Given the dimensions of the personal wealth event the IPO will be for Steve Schwarzman, Pete Peterson, and a few others at the company, I also predict we will see much wailing and gnashing of teeth from predictable directions on the ever-popular themes of rising income equality, preferential tax treatment for diminutive squillionaires, and the sclerotization of society arising from the upsurge in dynastic wealth creation. Being a prime offender myself in the first instance, and having already commented to the point of exhaustion in the second, I will add nothing further to the general frowst on these two issues. (Nevertheless, I predict you will not lack for reading material in this regard.)
However, I did discover a throwaway piece at the tail end of the Marketplace section of The Wall Street Journal today that might give hope to those who worry that this country's fabled social mobility is fading in the face of the rise of a new plutocracy. After all, not only do the rich seem to be getting richer, but there is also anecdotal evidence that they are procreating faster than the hoi polloi. (In my neighborhood, for example, it is a point of social pride and competition to have at least four children whom you can clothe in Hermes, take skiing in Gstaad, and send to private elementary schools at $30,000 a pop.) Some fear that the wealthy are getting so jiggy with the baby batter that there won't be any room for new entries in the privileged classes. (A little noticed provision in billionaire Mayor Mike Bloomberg's recently unveiled plan for NYC is to turn the entire island of Manhattan into a gated community for the über-wealthy, with a modest service entrance for maids and personal trainers located in the South Bronx.)
The WSJ snippet referred to a recent article in The Atlantic which talks about how the increasing use of genetic testing for diseases has had the surprising side effect of revealing just how many children are not the natural sons and daughters of their supposed "fathers." Oops.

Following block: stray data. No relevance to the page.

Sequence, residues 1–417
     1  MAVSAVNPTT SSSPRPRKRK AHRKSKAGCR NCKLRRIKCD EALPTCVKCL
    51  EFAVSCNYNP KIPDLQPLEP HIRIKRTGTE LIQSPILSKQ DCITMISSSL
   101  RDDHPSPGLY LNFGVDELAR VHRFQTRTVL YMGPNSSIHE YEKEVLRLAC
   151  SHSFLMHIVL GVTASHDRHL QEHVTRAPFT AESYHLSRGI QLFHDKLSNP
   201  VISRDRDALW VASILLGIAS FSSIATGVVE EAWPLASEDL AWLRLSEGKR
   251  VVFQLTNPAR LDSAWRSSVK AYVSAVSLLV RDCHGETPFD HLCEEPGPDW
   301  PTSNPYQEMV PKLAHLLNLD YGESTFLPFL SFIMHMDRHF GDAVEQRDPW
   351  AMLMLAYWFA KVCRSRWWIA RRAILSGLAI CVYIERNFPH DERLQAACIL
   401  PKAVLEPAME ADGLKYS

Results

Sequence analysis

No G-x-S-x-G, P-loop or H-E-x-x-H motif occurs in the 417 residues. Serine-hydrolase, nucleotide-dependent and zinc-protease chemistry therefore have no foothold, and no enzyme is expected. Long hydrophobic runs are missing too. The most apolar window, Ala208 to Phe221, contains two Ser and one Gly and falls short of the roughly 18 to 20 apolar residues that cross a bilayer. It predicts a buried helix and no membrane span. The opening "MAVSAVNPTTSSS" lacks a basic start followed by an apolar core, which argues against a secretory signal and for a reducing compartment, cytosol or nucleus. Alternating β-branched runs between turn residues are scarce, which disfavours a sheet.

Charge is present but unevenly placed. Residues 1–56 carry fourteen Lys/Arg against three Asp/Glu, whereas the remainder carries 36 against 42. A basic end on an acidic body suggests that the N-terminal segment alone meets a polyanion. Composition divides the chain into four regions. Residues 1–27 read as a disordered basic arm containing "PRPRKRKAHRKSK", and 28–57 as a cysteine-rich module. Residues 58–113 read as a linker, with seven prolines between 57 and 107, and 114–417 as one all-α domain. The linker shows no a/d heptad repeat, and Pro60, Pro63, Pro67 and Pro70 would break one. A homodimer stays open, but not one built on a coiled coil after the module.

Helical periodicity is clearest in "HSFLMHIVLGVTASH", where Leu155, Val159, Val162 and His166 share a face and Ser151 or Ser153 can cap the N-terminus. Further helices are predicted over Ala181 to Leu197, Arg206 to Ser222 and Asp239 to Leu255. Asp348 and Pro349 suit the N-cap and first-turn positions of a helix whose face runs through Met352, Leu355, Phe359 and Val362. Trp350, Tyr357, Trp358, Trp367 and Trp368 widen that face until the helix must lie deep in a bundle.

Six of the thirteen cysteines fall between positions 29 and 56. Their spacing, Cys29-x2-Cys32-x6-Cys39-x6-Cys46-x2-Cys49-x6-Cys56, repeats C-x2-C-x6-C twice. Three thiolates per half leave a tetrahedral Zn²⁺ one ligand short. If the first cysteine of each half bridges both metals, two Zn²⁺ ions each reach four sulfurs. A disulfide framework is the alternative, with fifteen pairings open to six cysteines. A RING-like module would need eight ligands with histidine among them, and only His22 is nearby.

The rate of nonpaternity can vary from community to community. The Sorenson Genealogy Foundation in Salt Lake City found that the nonpaternity rate from a sample of father-son pairs among its 100,000 volunteers is less than 2%. At the other extreme, Mr. Olson reports that an unpublished study of blood groups in a British town found that around 30% of the town's husbands weren't the fathers of their children.
Wow. Maybe "Coronation Street" isn't so unrealistic, after all.
Anyway, champions of social mobility and other egalitarians should take this as good news. It turns out that there is a lot more "mixing" going on in the gene pool than most of us suspected. This should help prevent the sort of socially constrained inbreeding among the rich that led to the demise of the Bourbons and other royal families, and it means that you do not need to be the natural child of a wealthy man to be born into wealth. Cool. Perhaps we need to rechristen such privileged souls members of The Lucky Egg Club.
There is also a gender fairness issue here. As a man, it has always struck me as unfair that physically attractive females with no other redeeming qualifications have had such easy access to the monied classes. All you need do is become a secretary, or a nanny, or otherwise put your smokin' hotness in the way of some rich man—married or not, it doesn't matter—and Presto! a couple of indiscretions and a quickie divorce later you are married to the bozo and your children are guaranteed a cushy ride for life. Hunky men with no education and no pedigree have been limited to modeling for GQ and hanging out at The Ramrod.
But now we learn that there is another path into the inner circle for men, if not for you at least for your offspring. Forget college, business school, or trying to get into a hedge fund. All you need do is become a gardener, a pool boy, or a "Manny." Then, just keep those abs chiseled and take your shirt off at every opportunity, and sooner or later the Mistress of the house will come looking for you, martini in hand, in desperate need of "a nice foot rub." Hubby will be away on business or typing e-mails frantically on his Blackberry poolside in East Hampton, so you will have plenty of time to give your children a bright and comfortable future.
Gregor Mendel would be proud.
© 2007 The Epicurean Dealmaker. All rights reserved.